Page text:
How to Survive Google’s “Mobile-geddon”

By Barry Eitel

3 min read

As of April 21, Google revamped its search engine algorithm to favor sites that are optimized for mobile. This means websites that Google believes play nice with smartphones and tablets will be pushed up in its search results that are initiated on cell phones, while others (with text that becomes hard to read on smaller screens, for example) will fall lower on the list. Google announced the upcoming changes in February, but even major websites like Wikipedia and the BBC currently fail Google’s test.

The update — the largest in two years — may seem like just another software tweak or geeky news tidbit, but falling lower in searches could significantly ding real revenue. Where Google positions a site in search queries is crucial to the amount of eyeballs it reaches. Over 65 percent of searchers click on one of the top five results in a Google search and only about 4 percent move past the first page of results, according to studies.

Previous updates, like Panda in 2011, showed these algorithm changes can have real and costly effects. Google’s Panda update, which focused on low-quality and spammy sites, affected 12 percent of all Google searches. It also caused massive headaches for “content farms” like Suite101, which saw its search engine visibility drop more than 90 percent. Suite101 shut down its website entirely two years later.

The new update could be especially hard for small business owners who usually don’t have a team of web designers at their beck and call. Fortunately, there are a few ways you can make sure your website is ready for Google’s new update.

Test Your Site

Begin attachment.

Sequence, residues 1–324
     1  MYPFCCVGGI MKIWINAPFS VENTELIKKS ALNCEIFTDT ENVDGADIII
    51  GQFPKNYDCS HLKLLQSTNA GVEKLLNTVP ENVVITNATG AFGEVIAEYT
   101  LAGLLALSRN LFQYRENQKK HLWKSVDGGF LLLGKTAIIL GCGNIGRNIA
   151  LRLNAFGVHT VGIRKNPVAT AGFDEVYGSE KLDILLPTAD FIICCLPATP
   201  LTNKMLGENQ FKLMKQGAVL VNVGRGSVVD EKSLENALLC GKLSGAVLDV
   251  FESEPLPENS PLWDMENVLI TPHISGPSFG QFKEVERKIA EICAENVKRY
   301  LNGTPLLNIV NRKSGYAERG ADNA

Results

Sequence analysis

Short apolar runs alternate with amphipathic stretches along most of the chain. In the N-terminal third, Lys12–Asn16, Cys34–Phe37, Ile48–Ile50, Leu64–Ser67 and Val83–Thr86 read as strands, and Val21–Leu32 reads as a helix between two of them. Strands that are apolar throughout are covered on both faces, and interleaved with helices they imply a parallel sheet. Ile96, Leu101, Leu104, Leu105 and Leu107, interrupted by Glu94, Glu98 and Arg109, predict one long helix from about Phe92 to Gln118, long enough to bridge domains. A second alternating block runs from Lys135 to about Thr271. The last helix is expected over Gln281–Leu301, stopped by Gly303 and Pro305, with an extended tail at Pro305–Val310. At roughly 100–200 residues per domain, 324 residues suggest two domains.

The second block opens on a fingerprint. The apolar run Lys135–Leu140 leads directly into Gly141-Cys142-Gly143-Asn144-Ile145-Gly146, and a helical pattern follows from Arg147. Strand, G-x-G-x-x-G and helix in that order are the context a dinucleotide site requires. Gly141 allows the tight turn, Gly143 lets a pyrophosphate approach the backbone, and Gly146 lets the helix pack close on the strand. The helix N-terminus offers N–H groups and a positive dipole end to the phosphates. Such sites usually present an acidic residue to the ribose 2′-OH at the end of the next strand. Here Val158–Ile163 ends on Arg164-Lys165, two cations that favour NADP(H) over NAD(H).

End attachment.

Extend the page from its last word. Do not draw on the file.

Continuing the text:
Google provides a quick and free Mobile-Friendly Test to determine if your website is mobile-friendly according to its new search algorithm. The test conveniently lists how a site fails — the BBC website, for example, includes text too small to read and links too close together. It also shows how the algorithm sees the site and offers different actions to take.

Obviously, you should also occasionally check out your website on different smartphones or tablets anyway. While this won’t reveal how Google sees your site, it will show you how many of your customers experience it.

Optimize for Mobile

There are several ways to optimize a website for mobile. The easiest way to do this is with a responsive design, meaning a website that will automatically reconfigure itself for any screen size. WordPress has many responsive-design web templates, making it easy if you already run a blog or site through the service. Just make sure that your WordPress theme is marked “responsive” and it will translate over most devices.

It’s also possible to buy a separate domain name that is mobile only, although this can muddy search results and is more expensive. Services like bMobilized (which offers plans starting at $8 per month) will build a customized site to which you can redirect mobile web visitors.

It’s Not Just About the Algorithm

Of course, you should focus on mobile optimization not just because of Google rankings, but because mobile is quickly becoming the primary platform that many people use to go online. More than 50 percent of shoppers visit e-commerce sites from a mobile device, studies suggest.

When testing and building your mobile site, ask what you want it to do for your business. Do you just need to show an address, business hours, or menu front and center? Are you more concerned with providing flashy content and showing off a flair for design? If you’re focused on e-commerce, you might want to even consider your own mobile app. These questions will be your guiding light in designing your mobile site.

Information may be abridged and therefore incomplete. This document/information does not constitute, and should not be considered a substitute for, legal or financial advice. Each financial situation is different, the advice provided is intended to be general. Please contact your financial or legal advisors for information specific to your situation.

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